So, lots of feedback and large gauge wire will improve the chances for tight, smooth, effortless bass. That and some decent speakers of course.
 
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Sandy is asking better questions and he has touched upon one of the big marketing hypes in hi fi.

The best (subjectively) amplifier I ever built had a slow slew rate of 1.25 v/uS. Tube amps (with their output transformers) are notoriously slow and faster speeds were easily available with ordinary parts and topologies once transistors became practical.

A slower amplifier will not produce full power bandwith. Is full power bandwidth necessary for high fidelity reproduction of musical programs? No, it is not.

As far as "slamming" bass, damping factor was mentioned and is an important consideration. Damping factor is however highly overrated as well and anything over 50 or so is more than adequate. But the power supply has a great effect on bass performance. Adequate transformers to reduce voltage droop and generous filter capacitors have a tremendous effect on percieved bass response. High slew rates have no effect on bass response.

There are different philosophies and the present mindset is high speed and very high loop gain. Many excellent amplifiers have only had 20-30 dB of loop gain though; if your circuit is linear enough this can work quite well. Tube amps were like that; it would be nigh on impossible to design a stable tube amp with higher loop gain.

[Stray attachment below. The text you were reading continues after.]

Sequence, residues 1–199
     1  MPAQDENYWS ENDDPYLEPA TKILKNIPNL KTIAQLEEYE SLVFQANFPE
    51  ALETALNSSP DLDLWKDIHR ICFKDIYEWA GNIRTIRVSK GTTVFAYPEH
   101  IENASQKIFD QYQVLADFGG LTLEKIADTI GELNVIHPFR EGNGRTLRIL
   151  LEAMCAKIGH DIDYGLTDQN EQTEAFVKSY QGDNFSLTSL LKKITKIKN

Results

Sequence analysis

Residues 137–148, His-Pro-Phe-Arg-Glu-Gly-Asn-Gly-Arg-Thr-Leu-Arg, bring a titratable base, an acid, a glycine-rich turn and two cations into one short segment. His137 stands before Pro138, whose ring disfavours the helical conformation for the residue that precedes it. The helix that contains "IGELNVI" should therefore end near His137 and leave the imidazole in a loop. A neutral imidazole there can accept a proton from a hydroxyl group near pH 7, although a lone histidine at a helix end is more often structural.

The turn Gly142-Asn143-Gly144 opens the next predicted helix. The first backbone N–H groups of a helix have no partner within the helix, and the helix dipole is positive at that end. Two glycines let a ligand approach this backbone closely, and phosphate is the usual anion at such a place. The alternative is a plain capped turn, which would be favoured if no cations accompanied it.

what factors affect the slew rates? is it possible to achieve slew rates of order of 200V/us or 300V/us? Ive read the book frm Douglas slef where he states that there is no use of getting higher slew rates and doesnt make difference...

He's not listening to how amps sound, he's saying that based on his technical understanding.

I reckon there's a correlation between higher slew rates and better sound, but I very much doubt that the higher slew rate is directly responsible. Rather its a marker for better HF linearity and its that linearity which is what gives rise to better sound.
 
He's not listening to how amps sound, he's saying that based on his technical understanding.

I reckon there's a correlation between higher slew rates and better sound, but I very much doubt that the higher slew rate is directly responsible. Rather its a marker for better HF linearity and its that linearity which is what gives rise to better sound.

true linearity is the key but here we do not want amp to stint at any instance no matter what kind of current demands happens...
 
Marcel, the LTP current can be set independently of the ULG frequency. You set the ULG based on the closed loop amplifier gain, LTP degen resistors and Cdom. In my e-Amp design, the slew rate is 155 V/us and uses conventional Miller comp (you can set it for TMC also using jumpers).

Hi Bonsai,

The point I was trying to make is that you need some degree of local feedback (such as long tailed pair degeneration resistors) to be able to increase the bias current without (substantially) increasing the unity loop gain frequency. If I understand you correctly, that is the same point you are making, in which case we agree.

By the way, I hate the use of the term current feedback for an amplifier with series feedback at the input, shunt feedback at the output and a low open-loop input impedance at the negative input, because the term current feedback originally refers to feedback configurations with series rather than shunt feedback at the output, which has nothing to do with whatever the open-loop input impedance at the negative input may be. Anyway, that's a different discussion.

Best regards,
Marcel